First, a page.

French 7-8 likely not offered for 2022-2023 school year due to decrease in student enrollment

Sam Kimball

Due to a decrease in enrollment following the submission of class selections for the 2022-2023 school year, the ability of Redwood to offer upper-level French classes is now in doubt. While Redwood currently offers four courses of French, the most advanced being Honors French 7-8, this decline poses a serious threat to those hoping to continue their studies.

Current Honors French 7-8 teacher Bernadette Rattet has been teaching in the French department for the past 18 years and has rarely had to turn upper-level students away.

“In [all of my years] of teaching French at Redwood, only two of them have been years where French 7-8 or Honors French 7-8 could not be offered due to a decrease in enrollment,” Rattet said. “I am always sad [when that happens].”

Working in various aspects of the Redwood French Department since she started 18 years ago, Rattet enjoys the unique layout of the program. (Photo courtesy of Bernadette Rattet)

While Rattet would like to offer French 7-8 next year, she understands the rules and guidelines from the school district regarding minimum class size.

“The district requirement for a class is about 20 students, but sadly we are not currently at that number to offer the higher level class,” Rattet said. “It’s terrible since these are students that have been in the French program for the past three years. The fact that they want to go a fourth year, which is not required, means that they really want to learn French. These are students who are super motivated and unfortunately need to change their plans.”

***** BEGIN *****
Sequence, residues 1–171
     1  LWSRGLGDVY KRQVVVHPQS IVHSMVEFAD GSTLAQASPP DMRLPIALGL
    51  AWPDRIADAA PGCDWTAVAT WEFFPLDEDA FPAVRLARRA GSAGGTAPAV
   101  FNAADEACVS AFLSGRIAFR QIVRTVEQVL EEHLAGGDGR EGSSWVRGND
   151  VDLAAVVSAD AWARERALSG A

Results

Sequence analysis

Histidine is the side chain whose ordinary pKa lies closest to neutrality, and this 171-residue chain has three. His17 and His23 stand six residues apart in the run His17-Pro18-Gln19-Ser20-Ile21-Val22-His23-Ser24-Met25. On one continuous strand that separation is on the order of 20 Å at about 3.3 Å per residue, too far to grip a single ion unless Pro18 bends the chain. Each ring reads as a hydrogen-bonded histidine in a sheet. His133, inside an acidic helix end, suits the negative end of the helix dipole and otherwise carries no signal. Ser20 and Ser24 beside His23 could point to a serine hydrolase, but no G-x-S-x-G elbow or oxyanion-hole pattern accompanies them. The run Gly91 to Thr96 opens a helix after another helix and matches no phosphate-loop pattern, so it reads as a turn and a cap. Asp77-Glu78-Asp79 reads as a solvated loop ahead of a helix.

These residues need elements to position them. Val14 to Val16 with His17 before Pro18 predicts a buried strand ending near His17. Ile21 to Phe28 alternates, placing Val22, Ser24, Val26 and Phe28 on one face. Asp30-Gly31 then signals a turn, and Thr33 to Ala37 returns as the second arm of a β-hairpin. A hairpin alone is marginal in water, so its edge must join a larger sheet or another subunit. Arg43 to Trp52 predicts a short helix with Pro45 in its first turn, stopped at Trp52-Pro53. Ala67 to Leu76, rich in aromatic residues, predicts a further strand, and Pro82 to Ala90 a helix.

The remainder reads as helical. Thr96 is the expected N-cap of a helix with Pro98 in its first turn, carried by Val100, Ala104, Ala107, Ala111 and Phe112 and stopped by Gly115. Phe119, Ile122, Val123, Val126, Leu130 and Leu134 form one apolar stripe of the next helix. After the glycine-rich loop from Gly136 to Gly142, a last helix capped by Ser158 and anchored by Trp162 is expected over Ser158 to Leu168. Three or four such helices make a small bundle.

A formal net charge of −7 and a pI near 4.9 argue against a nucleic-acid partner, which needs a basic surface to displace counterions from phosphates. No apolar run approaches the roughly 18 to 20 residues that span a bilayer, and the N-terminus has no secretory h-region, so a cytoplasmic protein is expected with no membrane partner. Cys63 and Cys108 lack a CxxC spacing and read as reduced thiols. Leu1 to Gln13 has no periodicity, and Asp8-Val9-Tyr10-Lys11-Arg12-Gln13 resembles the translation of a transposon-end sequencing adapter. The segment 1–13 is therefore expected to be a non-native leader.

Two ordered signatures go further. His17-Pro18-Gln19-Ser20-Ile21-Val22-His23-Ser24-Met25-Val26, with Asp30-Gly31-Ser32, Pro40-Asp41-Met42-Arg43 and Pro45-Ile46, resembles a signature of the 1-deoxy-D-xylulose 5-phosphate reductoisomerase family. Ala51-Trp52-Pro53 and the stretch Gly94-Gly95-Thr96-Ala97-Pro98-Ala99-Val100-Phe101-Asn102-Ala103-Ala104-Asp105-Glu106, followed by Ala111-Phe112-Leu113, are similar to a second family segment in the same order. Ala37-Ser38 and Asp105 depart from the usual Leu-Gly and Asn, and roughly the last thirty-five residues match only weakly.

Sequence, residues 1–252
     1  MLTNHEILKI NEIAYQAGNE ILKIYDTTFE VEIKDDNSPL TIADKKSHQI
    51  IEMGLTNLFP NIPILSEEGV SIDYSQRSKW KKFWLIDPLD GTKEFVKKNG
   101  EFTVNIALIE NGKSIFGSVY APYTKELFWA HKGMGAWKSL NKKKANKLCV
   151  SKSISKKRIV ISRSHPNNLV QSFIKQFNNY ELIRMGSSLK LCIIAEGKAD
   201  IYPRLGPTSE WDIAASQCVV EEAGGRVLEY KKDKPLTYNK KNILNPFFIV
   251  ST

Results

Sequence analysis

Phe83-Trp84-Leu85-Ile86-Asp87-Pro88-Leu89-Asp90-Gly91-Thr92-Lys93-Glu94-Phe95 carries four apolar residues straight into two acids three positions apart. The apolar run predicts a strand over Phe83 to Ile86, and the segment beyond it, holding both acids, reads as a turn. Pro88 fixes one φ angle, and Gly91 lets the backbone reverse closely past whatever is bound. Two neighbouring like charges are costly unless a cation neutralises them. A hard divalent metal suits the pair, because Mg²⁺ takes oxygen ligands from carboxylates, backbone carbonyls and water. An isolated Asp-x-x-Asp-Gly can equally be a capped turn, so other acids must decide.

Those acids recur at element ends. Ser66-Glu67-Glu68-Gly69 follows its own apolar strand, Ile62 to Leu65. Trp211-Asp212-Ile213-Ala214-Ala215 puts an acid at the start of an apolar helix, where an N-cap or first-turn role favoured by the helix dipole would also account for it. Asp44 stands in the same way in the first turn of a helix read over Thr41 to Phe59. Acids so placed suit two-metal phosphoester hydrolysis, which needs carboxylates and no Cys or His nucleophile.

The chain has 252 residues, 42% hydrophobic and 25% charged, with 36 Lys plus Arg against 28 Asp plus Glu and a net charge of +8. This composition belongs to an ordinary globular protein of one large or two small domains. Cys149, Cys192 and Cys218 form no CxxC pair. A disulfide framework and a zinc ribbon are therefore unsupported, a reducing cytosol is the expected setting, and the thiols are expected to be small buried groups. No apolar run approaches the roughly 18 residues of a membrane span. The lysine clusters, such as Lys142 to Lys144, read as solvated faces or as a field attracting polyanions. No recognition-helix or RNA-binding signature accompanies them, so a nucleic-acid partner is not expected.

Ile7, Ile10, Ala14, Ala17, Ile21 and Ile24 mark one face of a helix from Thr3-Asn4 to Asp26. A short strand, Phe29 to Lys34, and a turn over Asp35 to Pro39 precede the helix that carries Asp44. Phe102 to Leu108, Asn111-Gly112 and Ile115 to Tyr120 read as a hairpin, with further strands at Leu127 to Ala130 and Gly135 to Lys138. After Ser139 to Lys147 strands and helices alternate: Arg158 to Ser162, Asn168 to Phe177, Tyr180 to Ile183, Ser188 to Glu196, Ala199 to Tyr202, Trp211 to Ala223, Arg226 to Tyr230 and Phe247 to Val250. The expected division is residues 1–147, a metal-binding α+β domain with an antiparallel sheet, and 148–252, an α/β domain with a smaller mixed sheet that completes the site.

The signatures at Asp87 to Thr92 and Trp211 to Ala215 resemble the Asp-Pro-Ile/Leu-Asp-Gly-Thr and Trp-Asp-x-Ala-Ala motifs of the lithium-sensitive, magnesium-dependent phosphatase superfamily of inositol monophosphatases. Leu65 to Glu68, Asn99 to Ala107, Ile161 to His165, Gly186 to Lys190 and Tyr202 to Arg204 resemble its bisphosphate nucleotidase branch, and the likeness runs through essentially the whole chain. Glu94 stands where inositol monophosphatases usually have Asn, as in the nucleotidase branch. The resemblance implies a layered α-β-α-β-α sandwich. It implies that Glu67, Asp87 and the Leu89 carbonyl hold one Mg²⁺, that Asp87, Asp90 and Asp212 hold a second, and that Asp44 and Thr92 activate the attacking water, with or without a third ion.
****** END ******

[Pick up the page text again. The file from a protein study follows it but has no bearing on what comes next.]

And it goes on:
One such student who hopes to continue their study of French is junior Stella Cico, a current third-year French student. While studying Spanish in middle school, Cico decided to move in a new direction, choosing to explore French upon their arrival in high school. Now, after higher-level classes are in doubt, Cico looks back and reflects on their decision.

“When I signed up for French during my freshman year, it was under the impression that I would continue through French 7-8. If I had known that [it] was not an option, I would most likely have stuck with Spanish, as I had studied that in middle school,” Cico said.

Cico also recognizes the importance of French 7-8 in the overall development of students’ abilities to learn the language, and now has to look for alternatives to the Redwood course.

“Without French 7-8, you don’t know enough to hold meaningful conversations,” Cico said. “It is the first high-level French class where you begin to develop and dive into the language. If this class is not offered at Redwood, I will have to look at taking it at [College of Marin] or elsewhere.”

Despite many students saddened by the likelihood that the course will not be offered, those who have chosen not to take the class cite scheduling as the main hindrance. This holds true for junior Delia Pickart, who began with French during her freshman year and has continued ever since.

Presenting in Rattet’s Honors French 7-8 class, students gain skills in speaking and conversing in the language.

“I love learning French vocabulary and immersing myself in the language. I chose to take French to try something new, and that is what the language gives you the opportunity to do,” Pickart said. “I personally did not sign up for [French 7-8.] Due to the complexities of scheduling, I had to choose other classes and sadly there was no room for French.”

As the school year winds down, those who would like to take French 7-8 next year only have a glimmer of hope. French 5-6 teacher Nicolle Plescia hopes that in the end, the class will be available as it is a cultivation of the past three years. 

“I am really concerned about my French 5-6 students who have worked so hard in their studies and might not have the option to take French 7-8 next year,” Plescia said. “French 7-8 is the cherry on the French cake. It is an opportunity to take your linguistic ability to the next level and fine-tune your skills. It really is a bummer.”

As of April 18, French 7-8 is no longer being considered for cancellation. Yet, according to Plescia, there is a possibility of combining French 5-6 and French 7-8, which poses alternate issues.

“A combination class leads to so many difficulties not only with the full curriculum but with the students’ range of understanding,” Plescia said. “It just isn’t fair to see these students, who have worked so hard, get higher- level learning taken away.”